The New Conservatives

Twilight of Authority

by Robert Nisbet
Oxford University Press, 287 pp., $10.95

The American Commonwealth, 1976,”

Tenth Anniversary Issue
The Public Interest, No. 41 pp., $3.50

Robert Nisbet’s Twilight of Authority is the most recent illustration of the perplexities of conservatism in America. The difficulty for theoretically minded conservatives is to find the appropriate categories for identifying continuities in a society so passionately dedicated to change that the only consistent conservatives may be the conservationists. The difficulties are compounded for the conservative when, like Nisbet, he perceives the society as radically corrupted in its culture and values, deranged in its institutions. Then the conservative is apt to find his conservatism an embarrassment. For, as Nisbet argues, nothing less than “a fundamental change” can reverse the forces of decay.

Why has it been so difficult for theorists to develop a theory of American conservatism? Does the problem lie with America or with the type of ideology that theorists have sought to foster?

Tocqueville made an observation which seemed both to furnish a natural basis for conservatism and to give it a distinct identity:

Two things are astonishing about America, the great changeableness of most human behavior and the singular fixity of certain principles…. Men living in democratic societies…are forever varying, altering, and restoring secondary matters, but they are very careful not to touch fundamentals. They love change, but they dread revolutions.

One might interpret this observation as defining the historical tasks of liberalism and conservatism in America. Liberalism’s task would be to articulate the forces of change, while the conservative would seek to preserve fundamental forms and principles.

From the beginning, however, this division of labor did not work so neatly. For one thing, those Americans of the revolutionary era who could be loosely described as liberal or conservative shared a common political outlook. Jefferson and Adams, Paine and Madison, for example, subscribed to the values of liberty, property, security, individualism, and limited government based on the consent of the governed. The classic formulation of these ideas was Locke’s Two Treatises. In the eighteenth century these notions became most closely associated with the revolutionary ideology of liberalism. The Declaration of Independence and the Constitution were testimony to their widespread acceptance in America. As Louis Hartz argued several years ago, the American consensus evolved as a distillation of Lockean liberalism. As a result, American conservatism was drawn to the defense of liberal principles and practices.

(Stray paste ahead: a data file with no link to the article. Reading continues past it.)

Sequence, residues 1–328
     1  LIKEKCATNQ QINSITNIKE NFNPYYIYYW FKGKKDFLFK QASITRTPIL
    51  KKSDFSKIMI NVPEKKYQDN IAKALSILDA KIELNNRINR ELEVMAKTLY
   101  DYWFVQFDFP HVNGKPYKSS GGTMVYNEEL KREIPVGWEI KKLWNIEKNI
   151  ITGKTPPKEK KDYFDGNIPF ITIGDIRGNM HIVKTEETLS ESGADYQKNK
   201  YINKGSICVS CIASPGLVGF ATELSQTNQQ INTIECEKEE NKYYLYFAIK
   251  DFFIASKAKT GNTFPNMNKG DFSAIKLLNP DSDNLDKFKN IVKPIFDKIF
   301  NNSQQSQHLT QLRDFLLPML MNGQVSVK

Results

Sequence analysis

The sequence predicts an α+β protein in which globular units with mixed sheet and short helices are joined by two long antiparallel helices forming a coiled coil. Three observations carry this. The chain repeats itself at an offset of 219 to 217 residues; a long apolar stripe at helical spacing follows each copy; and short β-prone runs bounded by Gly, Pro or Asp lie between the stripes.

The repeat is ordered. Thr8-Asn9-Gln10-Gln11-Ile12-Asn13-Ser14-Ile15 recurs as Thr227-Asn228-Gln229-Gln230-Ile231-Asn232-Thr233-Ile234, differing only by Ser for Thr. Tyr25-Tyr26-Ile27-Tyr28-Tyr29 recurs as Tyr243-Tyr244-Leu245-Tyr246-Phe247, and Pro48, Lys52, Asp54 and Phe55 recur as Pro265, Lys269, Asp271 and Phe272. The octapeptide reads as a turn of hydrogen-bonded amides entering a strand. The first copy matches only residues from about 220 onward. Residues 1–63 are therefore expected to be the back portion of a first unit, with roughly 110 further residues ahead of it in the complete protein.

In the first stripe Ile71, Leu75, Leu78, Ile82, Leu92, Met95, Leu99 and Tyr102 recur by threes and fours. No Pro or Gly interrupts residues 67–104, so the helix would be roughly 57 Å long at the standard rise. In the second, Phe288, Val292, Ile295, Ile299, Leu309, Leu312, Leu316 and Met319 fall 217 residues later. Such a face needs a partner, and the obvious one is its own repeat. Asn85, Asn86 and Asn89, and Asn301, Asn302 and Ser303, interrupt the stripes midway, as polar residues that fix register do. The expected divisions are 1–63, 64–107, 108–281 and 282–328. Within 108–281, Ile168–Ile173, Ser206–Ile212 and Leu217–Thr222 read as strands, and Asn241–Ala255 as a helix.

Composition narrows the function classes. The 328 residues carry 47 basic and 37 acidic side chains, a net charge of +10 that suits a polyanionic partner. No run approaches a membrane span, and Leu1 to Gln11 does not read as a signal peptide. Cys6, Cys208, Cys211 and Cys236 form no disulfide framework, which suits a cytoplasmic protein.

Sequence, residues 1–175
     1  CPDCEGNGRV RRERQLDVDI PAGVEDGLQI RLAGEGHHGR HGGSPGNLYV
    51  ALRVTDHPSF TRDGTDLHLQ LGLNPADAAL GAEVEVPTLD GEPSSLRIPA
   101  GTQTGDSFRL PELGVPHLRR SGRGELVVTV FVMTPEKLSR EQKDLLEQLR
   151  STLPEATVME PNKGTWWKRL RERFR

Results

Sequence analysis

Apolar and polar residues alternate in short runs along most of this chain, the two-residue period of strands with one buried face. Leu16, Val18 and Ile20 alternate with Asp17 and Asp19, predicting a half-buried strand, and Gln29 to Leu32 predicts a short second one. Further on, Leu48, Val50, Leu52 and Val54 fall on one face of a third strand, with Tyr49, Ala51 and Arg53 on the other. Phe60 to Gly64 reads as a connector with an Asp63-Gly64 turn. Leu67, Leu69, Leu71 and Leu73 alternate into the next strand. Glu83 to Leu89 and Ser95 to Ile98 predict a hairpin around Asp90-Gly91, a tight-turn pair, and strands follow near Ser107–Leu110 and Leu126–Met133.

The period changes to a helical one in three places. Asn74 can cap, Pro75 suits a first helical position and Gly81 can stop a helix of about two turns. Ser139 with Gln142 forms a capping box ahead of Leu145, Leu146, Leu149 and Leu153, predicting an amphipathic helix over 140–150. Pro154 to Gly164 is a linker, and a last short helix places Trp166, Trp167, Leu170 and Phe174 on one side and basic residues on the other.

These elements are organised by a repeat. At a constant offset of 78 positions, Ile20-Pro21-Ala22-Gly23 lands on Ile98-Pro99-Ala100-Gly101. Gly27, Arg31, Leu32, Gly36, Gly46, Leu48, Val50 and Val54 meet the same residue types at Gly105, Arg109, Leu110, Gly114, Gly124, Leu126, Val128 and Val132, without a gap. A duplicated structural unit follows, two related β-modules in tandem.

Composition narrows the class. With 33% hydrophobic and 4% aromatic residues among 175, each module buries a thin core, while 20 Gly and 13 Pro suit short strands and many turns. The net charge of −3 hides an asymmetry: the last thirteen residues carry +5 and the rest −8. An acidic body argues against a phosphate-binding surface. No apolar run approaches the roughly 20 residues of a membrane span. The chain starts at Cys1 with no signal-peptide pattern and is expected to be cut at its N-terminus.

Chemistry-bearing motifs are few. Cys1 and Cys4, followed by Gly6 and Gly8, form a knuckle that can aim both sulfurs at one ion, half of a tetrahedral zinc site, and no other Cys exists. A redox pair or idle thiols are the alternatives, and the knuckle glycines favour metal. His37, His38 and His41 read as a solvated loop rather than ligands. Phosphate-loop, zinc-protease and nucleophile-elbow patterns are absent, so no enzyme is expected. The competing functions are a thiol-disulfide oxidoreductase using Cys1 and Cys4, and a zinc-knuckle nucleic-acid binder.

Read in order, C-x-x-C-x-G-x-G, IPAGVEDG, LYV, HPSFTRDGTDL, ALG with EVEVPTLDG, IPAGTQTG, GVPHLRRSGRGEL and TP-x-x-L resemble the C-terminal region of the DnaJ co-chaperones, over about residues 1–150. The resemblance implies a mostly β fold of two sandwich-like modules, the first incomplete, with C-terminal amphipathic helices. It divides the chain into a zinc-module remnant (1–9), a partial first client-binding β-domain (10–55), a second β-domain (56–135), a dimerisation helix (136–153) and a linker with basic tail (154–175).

While this confluence of liberals and conservatives produced a “mainstream” of American politics, it left conservatism in something like a permanent identity crisis, without a distinctive idiom or vision. The occasional efforts of such figures as Fisher Ames, Noah Webster, or Calhoun to stake out a conservative preserve in defense of privilege, talent, racial inequality, and regionalism had little effect on a society where badges of distinction were resented, property easily available, and opportunities too plentiful.

If political and social ideals are to be forces in the real world, they require some group, class, or movement whose interests or objectives make them a natural carrier and whose behavior is exemplary. In this respect, the natural allies of conservatism …

This article is available to Online Edition and Print Premium subscribers only.
Please choose from one of the options below to access this article:
If you already have one of these subscriptions, please be sure you are logged in to your nybooks.com account. If you subscribe to the print edition, you may also need to link your web site account to your print subscription. Click here to link your account services.